If you’re expecting me to tell you about how well a car with the name “Performante” performs, you might be disappointed… just as I was with this car. Buying manufacturer streetcars primarily because of lap times and stats is the reason why fun is being sucked out of sports cars and supercars of this day and age. A common misconception among car people seems to be the thought that the word “good” is equal to “superior performance.” When did we lose touch with the enjoyable qualities of supercars? Why do we feel the need to have a faster production car than our peers when we will most likely never achieve the limits of the cars we already own? What will be remembered about cars like the Huracan Performante when the next generation of supercars obliterates the current Nürburgring lap times?
Lamborghinis of the past were known for having character, outrageous design, and making the driver feel special. The Huracan Performante simply does none of this. It hardly felt different from the base Huracan, which feels only marginally different from the Audi R8 (which I personally prefer to the Huracan). I can’t imagine anyone would want to spend over $300,000 on a souped-up Audi R8, yet the Performante seems to have been popular amongst new supercar buyers. The car was not limited production, has the same engine as the base car, and quite frankly looks like every other Huracan on the streets with aftermarket aero bits.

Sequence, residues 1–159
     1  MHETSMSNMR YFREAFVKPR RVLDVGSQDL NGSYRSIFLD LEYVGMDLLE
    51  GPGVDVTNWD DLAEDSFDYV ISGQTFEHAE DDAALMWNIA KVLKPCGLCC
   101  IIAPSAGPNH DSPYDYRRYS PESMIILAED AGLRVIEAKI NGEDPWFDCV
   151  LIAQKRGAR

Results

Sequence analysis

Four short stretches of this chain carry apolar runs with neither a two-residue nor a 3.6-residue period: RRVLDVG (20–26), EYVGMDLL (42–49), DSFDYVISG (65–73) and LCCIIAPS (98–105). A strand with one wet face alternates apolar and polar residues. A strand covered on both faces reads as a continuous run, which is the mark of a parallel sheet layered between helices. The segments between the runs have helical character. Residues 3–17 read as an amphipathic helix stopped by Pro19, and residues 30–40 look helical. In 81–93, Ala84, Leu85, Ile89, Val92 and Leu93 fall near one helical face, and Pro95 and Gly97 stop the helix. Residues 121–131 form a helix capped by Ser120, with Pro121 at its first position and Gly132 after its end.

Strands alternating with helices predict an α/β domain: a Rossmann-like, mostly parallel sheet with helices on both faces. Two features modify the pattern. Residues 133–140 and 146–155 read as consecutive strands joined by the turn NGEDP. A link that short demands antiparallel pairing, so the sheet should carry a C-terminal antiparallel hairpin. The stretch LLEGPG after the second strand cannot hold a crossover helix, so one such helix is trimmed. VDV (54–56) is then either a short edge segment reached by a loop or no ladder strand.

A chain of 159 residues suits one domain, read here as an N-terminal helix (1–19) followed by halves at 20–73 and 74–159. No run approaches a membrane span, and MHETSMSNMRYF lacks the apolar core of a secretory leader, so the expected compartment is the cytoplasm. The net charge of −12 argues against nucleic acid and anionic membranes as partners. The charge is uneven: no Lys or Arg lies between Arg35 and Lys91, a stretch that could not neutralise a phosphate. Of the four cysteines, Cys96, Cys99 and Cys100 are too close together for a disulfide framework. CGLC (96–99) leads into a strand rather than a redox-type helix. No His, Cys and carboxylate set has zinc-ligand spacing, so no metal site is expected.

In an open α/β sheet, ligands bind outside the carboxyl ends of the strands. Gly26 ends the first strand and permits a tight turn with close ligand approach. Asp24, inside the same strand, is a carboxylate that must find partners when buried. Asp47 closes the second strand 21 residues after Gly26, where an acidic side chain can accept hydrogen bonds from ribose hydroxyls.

Let’s refrain from using the “I plan on taking the car to the track often” excuse as a means for justifying the price difference from the Evo or base Huracan. This car is no performance bargain. Under no circumstances do your personal bests at the local track matter to anyone, unless perhaps there is a Lamborghini race series for street cars that happens to be larger than Super Trofeo that I’m not aware of.
Please, spend your money on a racecar or save some coin and just buy the base car if you’re a big fan of soulless Audis. If you really want to purchase a depreciating asset that’s actually good, you should go check out a Porsche GT car. If you want something truly special to drive, you might need to go back a generation or two because as far as I’m concerned, the latest generation of supercars is mostly made up of bragging rights appliances.
Counterpoint by ThomasM
Variety is good; diversity is good. Choice is good. But too much of a good thing can lead to fatigue and even revulsion – think AYCE (All You Can Eat) buffets. Too much choice can lead to analysis paralysis.
In this era of badge engineered Limited Editions, I agree with many that the last “throw on some yellow contrasting stitching and call it a special Giorgio Versace Edition” was one too many.